We have a once-in-a-lifetime opportunity to strike a balance that works for our independent country—to let go of the railings of the sinking ship that is the EU’s highly bureaucratic common agricultural policy and its irrational system of area-based payments. I also recognise, as my hon. Friend said, that the farming sector currently faces huge challenges with the coronavirus crisis. Our environmental land management scheme will reward farmers for the vital environmental work that they do alongside feeding the nation, helping us to meet the targets that we will set through our Environment Bill so that we can fulfil our legally binding commitment to reach net zero by 2050 and leave the environment in a better state than we found it in.

We are working with farmers, foresters and land managers to make sure that we design a much better way of doing things that works as well on farms up and down the country as it does on paper. Forty trials are live in the first phase and a further 25 will follow in the second. Somerset is clearly part of that collaboration, and it will be critical to getting our policies absolutely right. The farming and wildlife advisory group in the south-west is helping us to consider an approach to paying farmers for their work on floodplain land and water management, and we will continue to refine our systems together over the coming months.

We are optimistic and we are aiming high, so that we create a coherent policy, designed for our farmers, which rewards them properly for their work to improve the environment, creating new habitats, reducing flooding and helping to tackle climate change, and enables them to become more profitable by investing in new equipment, adding value to their product and improving transparency in the supply chain. That is our approach—tackling the causes of poor profitability, not masking them with an arbitrary area-based subsidy, so that farms of every size and in every part of our country, including Somerset, have a chance to thrive. The smaller firms that my hon. Friend mentioned should feel equally optimistic about the opportunities this bespoke way of doing things will bring for their businesses.

Our food reflects who we are as a country. We care about animals hugely, including farm animals, and we value the high-quality, high-welfare, sustainably produced food and drink that we are fortunate to enjoy at home and that is recognised all around the world, including Somerset’s finest. My hon. Friend talked of some of the challenges faced by the producers, but it is fair to say that Somerset has been making cheddar since at least the 12th century, and what could be more quintessentially British than a hunk of west country farmhouse cheddar, washed down with a cold glass of Somerset cider brandy?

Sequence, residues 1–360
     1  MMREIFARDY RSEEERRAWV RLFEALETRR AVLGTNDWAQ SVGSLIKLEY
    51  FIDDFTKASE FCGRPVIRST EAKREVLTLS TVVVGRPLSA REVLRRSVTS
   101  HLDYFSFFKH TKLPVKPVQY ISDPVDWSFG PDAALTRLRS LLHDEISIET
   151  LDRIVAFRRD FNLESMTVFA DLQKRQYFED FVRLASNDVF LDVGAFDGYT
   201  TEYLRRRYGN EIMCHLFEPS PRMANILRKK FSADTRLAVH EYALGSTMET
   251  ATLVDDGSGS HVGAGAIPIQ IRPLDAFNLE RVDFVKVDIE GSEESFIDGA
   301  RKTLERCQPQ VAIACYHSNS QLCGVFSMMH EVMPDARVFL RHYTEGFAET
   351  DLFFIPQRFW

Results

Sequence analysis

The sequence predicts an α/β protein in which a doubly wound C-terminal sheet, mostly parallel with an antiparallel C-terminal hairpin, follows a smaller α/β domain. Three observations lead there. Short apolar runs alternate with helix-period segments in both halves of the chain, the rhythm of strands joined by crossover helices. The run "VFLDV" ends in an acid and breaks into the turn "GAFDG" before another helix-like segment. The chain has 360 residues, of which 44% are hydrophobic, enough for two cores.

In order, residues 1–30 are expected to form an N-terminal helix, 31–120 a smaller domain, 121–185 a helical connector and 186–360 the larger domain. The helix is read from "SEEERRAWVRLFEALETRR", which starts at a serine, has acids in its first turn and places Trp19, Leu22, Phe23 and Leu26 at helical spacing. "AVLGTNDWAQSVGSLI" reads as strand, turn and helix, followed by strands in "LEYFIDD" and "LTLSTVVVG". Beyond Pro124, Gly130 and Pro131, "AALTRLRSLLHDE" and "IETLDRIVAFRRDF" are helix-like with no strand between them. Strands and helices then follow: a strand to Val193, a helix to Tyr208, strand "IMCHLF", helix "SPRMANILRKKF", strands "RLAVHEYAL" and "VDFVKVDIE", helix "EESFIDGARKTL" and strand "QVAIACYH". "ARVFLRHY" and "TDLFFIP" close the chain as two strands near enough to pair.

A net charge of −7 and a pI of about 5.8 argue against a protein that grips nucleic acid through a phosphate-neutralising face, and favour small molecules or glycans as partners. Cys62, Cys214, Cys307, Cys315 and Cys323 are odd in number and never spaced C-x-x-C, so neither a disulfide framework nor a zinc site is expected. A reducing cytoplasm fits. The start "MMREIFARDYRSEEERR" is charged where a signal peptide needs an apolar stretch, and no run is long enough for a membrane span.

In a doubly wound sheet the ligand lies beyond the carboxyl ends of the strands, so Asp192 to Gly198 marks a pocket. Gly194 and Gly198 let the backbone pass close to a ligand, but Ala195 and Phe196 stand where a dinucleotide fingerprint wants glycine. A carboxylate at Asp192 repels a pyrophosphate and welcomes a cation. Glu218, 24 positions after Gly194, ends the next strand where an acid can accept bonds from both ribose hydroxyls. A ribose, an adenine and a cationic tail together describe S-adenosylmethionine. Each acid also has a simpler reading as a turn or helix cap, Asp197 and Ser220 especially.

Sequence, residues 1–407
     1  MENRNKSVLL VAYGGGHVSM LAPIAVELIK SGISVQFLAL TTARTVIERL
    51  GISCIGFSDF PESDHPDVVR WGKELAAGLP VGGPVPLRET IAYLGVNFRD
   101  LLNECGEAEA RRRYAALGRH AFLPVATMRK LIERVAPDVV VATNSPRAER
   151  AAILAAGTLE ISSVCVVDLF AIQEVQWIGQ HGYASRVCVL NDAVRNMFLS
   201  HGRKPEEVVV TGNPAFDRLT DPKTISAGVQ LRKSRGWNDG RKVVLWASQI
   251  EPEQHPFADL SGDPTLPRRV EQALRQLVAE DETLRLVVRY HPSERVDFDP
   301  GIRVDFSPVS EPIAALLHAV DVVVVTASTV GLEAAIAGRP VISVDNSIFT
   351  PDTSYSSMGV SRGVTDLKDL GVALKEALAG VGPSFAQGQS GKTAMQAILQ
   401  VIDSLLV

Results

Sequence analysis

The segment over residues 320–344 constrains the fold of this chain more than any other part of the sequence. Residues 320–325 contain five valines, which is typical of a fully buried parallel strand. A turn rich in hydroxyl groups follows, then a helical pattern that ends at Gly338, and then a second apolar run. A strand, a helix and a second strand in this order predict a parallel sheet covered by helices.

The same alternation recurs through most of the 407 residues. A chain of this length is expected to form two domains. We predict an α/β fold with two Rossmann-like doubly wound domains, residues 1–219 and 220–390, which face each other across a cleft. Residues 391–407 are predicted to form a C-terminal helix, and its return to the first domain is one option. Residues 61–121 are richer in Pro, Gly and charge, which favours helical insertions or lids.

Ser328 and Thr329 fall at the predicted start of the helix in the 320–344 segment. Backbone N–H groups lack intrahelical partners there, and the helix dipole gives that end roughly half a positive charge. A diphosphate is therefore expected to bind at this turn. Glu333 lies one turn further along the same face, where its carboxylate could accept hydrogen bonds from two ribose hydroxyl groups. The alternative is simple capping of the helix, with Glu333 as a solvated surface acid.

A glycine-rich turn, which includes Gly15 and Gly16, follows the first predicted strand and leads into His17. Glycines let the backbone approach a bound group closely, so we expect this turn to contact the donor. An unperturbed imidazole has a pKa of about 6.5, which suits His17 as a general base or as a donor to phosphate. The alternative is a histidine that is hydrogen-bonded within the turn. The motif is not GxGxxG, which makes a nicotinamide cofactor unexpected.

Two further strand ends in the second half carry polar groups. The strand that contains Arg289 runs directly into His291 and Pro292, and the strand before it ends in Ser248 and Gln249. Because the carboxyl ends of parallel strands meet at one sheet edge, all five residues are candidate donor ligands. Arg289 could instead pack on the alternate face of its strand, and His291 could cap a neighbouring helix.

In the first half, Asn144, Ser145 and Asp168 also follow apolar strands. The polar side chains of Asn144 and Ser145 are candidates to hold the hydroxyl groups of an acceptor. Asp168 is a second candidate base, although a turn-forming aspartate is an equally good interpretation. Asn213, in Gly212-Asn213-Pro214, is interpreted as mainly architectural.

This Government will always back British farmers, who are some of the very best in the world, taking care of our landscapes and animals, all while feeding the nation, just as they have done for generation after generation. This is a time of opportunity, but I recognise the challenges for UK agriculture. We understand that these changes can be daunting, as well as presenting opportunity, and we are conscious that farmers need time to plan and adapt for their futures, and support to decide what is right for them and for their business. We will match 2019 levels in every year of this Parliament.

As my hon. Friend mentioned, our Agriculture Bill is making its way through Parliament, and our aim is that it will reach Royal Assent by the summer. This is of vital importance to the agriculture sector, in order to begin a fair, progressive, seven-year transition to a much better way of doing things in 2027.

My hon. Friend made several points in his remarks. On the Somerset Rivers Authority, I will write to him about the implications he described. He mentioned the badger cull, and I will talk to the Secretary of State about the points he raised about that and about the Sedgemoor auction centre, in the context of contingency planning for the coronavirus. He made some remarks about the challenges of upland farming. It is fair to say that the Government are confident that within the new scheme being outlined in the Agriculture Bill, upland farmers will stand to benefit considerably from the new arrangements that the Government are introducing in the Bill.

I would like to close by making this important point. Sustainable farming and food production can and, indeed, must go hand in hand. No one understands this better than our farmers right across the country. After all, the great outdoors is their office, day in and day out. After a hot summer and an incredibly wet winter, they are the first to feel the effects of climate change in our countryside, and they are hungry for change. This is our chance to do things differently and put our farmers, such as those in Somerset, at the very heart of our efforts to tackle the causes and consequences of climate change in a way that helps nature recover too. I hope that hon. Members will all support the ambitious Agriculture Bill currently making its way through this place, so that we can chart a new course for English agriculture for decades to come and a new way of doing things for the world to follow.

Question put and agreed to.